Moldova’s Foreign Policy: Heading East?

MoldovaFlag, cc Nicholas Raymond, modified, Flickr,


Moldova looks set to lurch back into political and economic crisis ahead of scheduled elections in 2018, after the European Union (EU) cut off aid to the country’s pro-European government. The EU blocked the final tranche of loans designed to support reforms to Moldova’s justice system (worth 28 million euros), saying that it had not seen enough action from the governing coalition of Prime Minister Pavel Filip. The delivery of further aid money in the form a 100 million euro micro-financial aid package has also been delayed.

The EU maintains that Moldova needs to show progress in respecting human rights and rule of law in order to get the first tranche of that money in December.

Prime Minister Pavel Filip has said he believes that his country will receive further funding from Europe in 2018, but his government’s difficulties are music to the ears of his major rival, Moldova’s pro-Russian president, Igor Dodon. Currently President Dodon is wrestling with his country’s center-right prime minister, as well as the governing coalition’s de facto leader, Vlad Plahotniuc, over the direction of Moldova’s foreign policy. Sandwiched between the European Union and Russia, the east-west division of the continent has turned Moldova’s politics into a quagmire, one that is further deepened by the venal and self-serving nature of large portions of the country’s political class.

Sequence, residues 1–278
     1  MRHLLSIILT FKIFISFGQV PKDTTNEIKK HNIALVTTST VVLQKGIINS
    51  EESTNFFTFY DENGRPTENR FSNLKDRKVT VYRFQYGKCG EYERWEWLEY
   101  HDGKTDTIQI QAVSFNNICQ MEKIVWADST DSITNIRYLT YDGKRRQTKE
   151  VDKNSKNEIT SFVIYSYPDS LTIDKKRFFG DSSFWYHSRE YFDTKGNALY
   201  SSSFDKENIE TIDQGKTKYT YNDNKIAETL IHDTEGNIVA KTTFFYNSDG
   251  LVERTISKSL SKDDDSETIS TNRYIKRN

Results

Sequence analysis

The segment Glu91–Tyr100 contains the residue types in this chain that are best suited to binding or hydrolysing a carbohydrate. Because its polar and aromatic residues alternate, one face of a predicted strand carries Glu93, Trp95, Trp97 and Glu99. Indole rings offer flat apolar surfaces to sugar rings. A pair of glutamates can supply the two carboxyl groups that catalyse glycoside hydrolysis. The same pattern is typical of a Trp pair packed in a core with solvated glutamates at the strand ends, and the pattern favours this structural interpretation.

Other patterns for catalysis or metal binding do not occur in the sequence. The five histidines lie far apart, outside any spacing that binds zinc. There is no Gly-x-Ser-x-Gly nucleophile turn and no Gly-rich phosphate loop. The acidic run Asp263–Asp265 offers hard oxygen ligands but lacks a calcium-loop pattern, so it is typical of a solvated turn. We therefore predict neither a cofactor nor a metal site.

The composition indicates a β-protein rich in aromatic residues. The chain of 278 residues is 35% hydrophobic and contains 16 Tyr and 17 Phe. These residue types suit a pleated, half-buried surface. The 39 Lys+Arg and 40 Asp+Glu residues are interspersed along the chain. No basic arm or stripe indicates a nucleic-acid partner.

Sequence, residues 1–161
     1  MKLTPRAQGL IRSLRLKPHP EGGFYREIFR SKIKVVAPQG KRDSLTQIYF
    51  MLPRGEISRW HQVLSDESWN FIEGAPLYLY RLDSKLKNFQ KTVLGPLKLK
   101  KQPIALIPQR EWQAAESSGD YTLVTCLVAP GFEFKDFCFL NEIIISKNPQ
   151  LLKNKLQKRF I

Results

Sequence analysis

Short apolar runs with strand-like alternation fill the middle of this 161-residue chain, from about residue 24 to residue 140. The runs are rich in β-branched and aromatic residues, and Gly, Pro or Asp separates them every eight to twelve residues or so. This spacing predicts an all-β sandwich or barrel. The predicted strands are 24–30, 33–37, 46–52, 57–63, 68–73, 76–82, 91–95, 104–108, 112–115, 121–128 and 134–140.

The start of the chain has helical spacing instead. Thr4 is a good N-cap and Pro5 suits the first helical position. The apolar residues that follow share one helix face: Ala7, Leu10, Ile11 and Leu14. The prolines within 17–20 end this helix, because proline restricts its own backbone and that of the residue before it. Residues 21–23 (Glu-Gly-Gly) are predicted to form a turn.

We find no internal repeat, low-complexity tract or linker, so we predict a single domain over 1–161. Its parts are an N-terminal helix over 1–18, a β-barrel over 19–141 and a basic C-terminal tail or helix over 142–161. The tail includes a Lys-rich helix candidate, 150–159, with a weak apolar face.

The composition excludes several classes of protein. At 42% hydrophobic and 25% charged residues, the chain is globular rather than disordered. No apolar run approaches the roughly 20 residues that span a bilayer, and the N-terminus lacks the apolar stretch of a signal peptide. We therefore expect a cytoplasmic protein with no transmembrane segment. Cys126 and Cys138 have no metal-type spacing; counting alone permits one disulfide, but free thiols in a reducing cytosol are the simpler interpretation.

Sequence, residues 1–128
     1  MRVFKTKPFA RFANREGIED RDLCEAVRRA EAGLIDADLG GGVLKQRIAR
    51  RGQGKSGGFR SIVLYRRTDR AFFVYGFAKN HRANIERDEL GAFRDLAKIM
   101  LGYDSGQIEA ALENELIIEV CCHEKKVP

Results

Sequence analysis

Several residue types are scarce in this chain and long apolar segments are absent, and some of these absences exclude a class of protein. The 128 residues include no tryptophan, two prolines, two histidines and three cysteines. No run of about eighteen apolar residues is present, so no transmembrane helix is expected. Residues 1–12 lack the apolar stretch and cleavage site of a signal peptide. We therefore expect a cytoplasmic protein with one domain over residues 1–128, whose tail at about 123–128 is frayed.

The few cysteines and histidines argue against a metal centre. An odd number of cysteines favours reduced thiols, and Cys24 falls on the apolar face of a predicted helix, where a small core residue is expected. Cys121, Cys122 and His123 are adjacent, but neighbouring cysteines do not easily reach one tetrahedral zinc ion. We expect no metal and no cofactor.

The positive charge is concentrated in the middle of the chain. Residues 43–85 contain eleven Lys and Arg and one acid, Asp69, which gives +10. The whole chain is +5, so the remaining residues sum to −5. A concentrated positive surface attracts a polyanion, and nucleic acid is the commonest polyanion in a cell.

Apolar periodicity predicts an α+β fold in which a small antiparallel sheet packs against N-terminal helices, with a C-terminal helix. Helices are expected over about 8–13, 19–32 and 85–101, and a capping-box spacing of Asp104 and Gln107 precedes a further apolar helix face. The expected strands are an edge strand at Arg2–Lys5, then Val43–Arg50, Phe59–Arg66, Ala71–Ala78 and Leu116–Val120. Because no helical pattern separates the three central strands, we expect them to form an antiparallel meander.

A public trust deficit. European Union officials are not the only ones who have lost faith in Moldova’s traditional political class. Polls currently suggest that formerly dominant parties like the Liberal Party and ruling the Democratic Party of Moldova are facing devastating losses in the next election. This is caused in part by the political fallout surrounding the 2014 disappearance of $1 billion from Moldovan banks, the equivalent of 12% of the country’s GDP, which has harmed the pro-EU bloc.

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